• RemoveSpurs: Removes the spurs (pruning operation) from a Boolean line image.; intended to be used on the output of the LineThinning tool.
  • Resample: Resamples one or more input images into a destination image.
  • RgbToIhs: Converts red, green, and blue (RGB) images into intensity, hue, and saturation (IHS) images.
  • RobertsCrossFilter: Performs a Robert's cross edge-detection filter on an image.
  • ScharrFilter: Performs a Scharr edge-detection filter on an image.
  • SigmoidalContrastStretch: Performs a sigmoidal contrast stretch on input images.
  • SobelFilter: Performs a Sobel edge-detection filter on an image.
  • SplitColourComposite: This tool splits an RGB colour composite image into seperate multispectral images.
  • StandardDeviationContrastStretch: Performs a standard-deviation contrast stretch on input images.
  • StandardDeviationFilter: Assigns each cell in the output grid the standard deviation of values in a moving window centred on each grid cell in the input raster.
  • ThickenRasterLine: Thickens single-cell wide lines within a raster image.
  • TophatTransform: Performs either a white or black top-hat transform on an input image
  • TotalFilter: Performs a total filter on an input image.
  • UnsharpMasking: An image sharpening technique that enhances edges.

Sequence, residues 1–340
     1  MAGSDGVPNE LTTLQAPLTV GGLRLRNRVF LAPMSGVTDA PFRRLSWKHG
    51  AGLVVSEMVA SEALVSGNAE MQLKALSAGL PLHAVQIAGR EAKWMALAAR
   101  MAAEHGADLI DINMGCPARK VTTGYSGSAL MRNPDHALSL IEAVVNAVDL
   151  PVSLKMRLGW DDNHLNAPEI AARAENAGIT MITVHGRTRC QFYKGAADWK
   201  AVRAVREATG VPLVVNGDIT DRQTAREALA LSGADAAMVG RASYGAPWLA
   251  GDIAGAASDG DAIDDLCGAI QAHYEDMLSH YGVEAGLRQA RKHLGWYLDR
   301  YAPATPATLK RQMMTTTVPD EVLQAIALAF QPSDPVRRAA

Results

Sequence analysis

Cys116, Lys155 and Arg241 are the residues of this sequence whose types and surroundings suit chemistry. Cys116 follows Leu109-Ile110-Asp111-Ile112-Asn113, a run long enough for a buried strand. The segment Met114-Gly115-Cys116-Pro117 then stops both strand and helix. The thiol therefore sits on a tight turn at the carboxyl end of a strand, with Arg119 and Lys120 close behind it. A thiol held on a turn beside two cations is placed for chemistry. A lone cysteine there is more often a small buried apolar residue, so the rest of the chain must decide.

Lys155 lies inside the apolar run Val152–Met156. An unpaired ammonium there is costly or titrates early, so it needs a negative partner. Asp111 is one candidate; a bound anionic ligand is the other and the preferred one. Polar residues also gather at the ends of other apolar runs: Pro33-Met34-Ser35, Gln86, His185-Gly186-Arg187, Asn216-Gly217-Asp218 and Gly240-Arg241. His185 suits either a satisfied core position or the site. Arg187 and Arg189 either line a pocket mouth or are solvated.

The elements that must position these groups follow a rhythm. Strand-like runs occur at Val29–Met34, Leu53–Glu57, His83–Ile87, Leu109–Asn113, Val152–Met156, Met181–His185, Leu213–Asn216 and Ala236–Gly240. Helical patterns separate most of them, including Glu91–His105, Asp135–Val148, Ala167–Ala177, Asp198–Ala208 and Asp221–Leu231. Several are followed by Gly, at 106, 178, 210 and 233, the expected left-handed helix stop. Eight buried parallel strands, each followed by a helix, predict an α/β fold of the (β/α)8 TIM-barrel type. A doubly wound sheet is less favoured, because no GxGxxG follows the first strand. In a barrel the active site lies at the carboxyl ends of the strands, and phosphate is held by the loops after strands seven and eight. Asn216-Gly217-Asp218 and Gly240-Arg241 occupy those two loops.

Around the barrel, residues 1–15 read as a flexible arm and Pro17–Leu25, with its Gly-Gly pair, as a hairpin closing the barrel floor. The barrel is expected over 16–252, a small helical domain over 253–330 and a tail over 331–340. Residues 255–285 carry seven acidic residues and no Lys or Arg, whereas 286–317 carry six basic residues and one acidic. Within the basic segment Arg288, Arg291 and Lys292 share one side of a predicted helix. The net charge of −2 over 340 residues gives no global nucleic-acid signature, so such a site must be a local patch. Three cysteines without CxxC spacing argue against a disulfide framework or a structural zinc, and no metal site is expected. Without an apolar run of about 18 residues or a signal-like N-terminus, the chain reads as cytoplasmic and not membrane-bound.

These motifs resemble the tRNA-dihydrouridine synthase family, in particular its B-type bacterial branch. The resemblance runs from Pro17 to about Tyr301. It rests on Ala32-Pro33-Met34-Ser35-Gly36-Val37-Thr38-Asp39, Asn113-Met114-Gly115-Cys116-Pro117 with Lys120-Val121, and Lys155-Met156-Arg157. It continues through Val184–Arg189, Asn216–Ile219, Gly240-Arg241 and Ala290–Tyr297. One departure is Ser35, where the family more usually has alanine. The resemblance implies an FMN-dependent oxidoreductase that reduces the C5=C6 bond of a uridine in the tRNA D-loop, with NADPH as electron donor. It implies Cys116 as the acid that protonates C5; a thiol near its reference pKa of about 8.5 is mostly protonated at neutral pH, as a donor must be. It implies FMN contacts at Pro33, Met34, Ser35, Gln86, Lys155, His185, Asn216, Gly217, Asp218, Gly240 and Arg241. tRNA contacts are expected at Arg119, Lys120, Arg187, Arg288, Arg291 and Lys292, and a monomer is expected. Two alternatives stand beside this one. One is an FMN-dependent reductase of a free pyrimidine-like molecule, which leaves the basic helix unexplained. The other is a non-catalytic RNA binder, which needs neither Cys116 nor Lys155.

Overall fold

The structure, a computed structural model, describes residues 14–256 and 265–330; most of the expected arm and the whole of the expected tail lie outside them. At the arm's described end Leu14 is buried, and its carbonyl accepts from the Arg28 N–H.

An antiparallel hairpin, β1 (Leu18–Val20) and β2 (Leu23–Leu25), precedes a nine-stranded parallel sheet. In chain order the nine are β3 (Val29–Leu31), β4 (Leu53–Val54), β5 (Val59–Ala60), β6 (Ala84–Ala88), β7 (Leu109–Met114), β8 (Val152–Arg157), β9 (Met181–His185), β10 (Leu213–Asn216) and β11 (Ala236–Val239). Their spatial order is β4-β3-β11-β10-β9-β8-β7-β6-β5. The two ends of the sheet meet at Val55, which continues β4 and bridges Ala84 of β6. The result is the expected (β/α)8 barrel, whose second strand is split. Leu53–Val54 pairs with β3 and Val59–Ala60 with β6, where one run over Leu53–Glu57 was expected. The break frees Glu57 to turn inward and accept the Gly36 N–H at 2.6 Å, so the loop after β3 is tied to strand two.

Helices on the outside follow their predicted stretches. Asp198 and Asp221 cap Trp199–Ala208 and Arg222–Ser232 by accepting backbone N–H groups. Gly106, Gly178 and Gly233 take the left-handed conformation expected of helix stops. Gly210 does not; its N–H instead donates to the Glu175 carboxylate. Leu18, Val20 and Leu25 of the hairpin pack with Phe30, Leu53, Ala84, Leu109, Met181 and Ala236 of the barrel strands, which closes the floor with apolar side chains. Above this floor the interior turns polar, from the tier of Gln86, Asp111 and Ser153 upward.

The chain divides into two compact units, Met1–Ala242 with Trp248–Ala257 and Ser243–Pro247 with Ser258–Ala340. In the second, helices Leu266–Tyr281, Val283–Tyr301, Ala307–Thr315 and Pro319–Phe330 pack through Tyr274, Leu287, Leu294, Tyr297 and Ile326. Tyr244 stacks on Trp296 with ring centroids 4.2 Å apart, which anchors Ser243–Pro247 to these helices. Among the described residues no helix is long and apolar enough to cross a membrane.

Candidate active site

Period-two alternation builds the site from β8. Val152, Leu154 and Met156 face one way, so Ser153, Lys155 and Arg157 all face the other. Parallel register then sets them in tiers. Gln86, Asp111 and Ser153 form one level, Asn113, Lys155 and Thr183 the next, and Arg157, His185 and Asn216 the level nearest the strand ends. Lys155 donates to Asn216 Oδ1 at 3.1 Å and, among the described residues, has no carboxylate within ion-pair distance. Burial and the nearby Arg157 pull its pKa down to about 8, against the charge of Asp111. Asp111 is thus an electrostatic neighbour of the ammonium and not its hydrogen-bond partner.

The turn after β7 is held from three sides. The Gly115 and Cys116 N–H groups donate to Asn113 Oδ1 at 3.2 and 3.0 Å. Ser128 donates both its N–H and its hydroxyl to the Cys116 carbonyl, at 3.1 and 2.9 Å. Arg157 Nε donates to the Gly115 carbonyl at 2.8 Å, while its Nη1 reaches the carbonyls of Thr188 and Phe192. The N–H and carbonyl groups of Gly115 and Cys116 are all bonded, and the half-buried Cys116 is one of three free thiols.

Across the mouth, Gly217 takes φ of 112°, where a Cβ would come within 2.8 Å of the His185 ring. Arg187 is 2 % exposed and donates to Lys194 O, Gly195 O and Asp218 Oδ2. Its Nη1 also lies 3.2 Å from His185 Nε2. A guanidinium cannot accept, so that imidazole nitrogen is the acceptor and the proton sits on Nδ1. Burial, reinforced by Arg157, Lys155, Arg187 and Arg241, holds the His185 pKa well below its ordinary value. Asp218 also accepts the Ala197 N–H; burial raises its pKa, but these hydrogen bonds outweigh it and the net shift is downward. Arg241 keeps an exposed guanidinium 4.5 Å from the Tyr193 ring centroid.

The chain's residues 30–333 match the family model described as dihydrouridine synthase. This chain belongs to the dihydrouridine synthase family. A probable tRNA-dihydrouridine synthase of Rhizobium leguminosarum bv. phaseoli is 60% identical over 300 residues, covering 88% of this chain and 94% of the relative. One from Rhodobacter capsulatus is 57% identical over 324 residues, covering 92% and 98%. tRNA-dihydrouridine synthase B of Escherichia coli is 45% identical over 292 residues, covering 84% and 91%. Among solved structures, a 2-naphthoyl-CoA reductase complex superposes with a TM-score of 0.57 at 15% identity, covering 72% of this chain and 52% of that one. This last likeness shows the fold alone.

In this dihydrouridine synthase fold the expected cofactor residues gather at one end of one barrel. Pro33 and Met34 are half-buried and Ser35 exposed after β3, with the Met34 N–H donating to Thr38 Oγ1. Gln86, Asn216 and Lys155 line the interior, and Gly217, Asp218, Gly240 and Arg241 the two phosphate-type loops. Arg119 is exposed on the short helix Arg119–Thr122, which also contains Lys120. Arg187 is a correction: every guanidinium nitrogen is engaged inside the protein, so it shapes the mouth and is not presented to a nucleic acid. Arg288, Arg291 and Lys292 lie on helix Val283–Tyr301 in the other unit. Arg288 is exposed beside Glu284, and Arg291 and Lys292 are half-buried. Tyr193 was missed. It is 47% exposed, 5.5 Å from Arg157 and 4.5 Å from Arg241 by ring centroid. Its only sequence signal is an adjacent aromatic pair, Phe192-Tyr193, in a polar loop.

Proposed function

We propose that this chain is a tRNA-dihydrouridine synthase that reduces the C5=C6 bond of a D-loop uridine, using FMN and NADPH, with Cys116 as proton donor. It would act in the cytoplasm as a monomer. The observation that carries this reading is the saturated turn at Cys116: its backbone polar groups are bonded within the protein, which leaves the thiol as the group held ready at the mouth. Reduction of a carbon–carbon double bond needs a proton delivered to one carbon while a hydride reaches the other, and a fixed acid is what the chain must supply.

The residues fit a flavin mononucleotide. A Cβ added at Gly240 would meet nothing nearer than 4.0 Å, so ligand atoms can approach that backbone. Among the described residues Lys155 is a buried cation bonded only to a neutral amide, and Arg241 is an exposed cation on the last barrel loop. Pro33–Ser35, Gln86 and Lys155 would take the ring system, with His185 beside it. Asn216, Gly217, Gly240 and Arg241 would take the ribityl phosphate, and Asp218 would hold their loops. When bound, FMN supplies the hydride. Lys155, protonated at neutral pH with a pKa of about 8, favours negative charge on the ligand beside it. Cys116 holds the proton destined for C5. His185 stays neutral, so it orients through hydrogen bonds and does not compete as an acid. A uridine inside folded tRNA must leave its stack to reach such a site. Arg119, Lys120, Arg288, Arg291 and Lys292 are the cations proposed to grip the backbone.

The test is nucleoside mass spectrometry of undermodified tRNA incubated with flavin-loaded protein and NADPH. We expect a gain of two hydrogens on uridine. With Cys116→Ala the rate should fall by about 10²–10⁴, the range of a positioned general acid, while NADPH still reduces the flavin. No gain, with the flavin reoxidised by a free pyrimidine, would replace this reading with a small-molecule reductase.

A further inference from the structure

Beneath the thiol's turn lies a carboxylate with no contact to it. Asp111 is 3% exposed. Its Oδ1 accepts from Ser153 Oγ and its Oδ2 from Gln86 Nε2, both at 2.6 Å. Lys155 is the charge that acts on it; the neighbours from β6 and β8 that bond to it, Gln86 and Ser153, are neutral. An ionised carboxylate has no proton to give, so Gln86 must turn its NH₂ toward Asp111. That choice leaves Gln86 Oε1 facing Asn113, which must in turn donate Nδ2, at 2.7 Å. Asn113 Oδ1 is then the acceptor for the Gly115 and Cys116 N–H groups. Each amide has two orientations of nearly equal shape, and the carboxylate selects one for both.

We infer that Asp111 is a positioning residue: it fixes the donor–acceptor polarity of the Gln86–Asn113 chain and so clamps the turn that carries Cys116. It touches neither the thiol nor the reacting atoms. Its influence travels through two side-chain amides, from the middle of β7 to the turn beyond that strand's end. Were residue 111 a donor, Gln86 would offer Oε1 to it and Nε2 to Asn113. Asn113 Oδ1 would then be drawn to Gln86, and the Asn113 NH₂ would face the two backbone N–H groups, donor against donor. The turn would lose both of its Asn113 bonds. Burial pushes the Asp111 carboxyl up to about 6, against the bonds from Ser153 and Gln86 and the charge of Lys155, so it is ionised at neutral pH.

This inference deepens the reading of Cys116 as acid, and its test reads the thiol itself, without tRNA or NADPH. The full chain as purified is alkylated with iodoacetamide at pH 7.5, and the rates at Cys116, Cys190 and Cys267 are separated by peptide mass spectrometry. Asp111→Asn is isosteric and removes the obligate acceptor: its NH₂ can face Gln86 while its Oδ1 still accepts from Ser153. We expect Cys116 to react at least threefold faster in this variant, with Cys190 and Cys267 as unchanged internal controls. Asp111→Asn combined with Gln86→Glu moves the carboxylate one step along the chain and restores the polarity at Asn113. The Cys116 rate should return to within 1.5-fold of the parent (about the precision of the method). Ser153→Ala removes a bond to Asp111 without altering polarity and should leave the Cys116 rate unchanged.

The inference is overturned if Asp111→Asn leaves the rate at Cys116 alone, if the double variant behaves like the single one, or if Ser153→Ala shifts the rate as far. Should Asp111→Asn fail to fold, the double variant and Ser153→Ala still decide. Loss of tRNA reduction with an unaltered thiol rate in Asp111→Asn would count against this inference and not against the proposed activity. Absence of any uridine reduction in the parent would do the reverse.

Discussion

• UserDefinedWeightsFilter: Performs a user-defined weights filter on an image.
  • WriteFunctionMemoryInsertion: Performs a write function memory insertion for single-band multi-date change detection.

LiDAR Analysis

  • ClassifyOverlapPoints: Classifies or filters LAS point in regions of overlapping flight lines.
  • ClipLidarToPolygon: Clips a LiDAR point cloud to a vector polygon or polygons.
  • ErasePolygonFromLidar: Erases (cuts out) a vector polygon or polygons from a LiDAR point cloud.
  • FilterLidarScanAngles: Removes points in a LAS file with scan angles greater than a threshold.
  • FindFlightlineEdgePoints: Identifies points along a flightline's edge in a LAS file.
  • FlightlineOverlap: Reads a LiDAR (LAS) point file and outputs a raster containing the number of overlapping flight lines in each grid cell.
  • LasToAscii: Converts one or more LAS files into ASCII text files.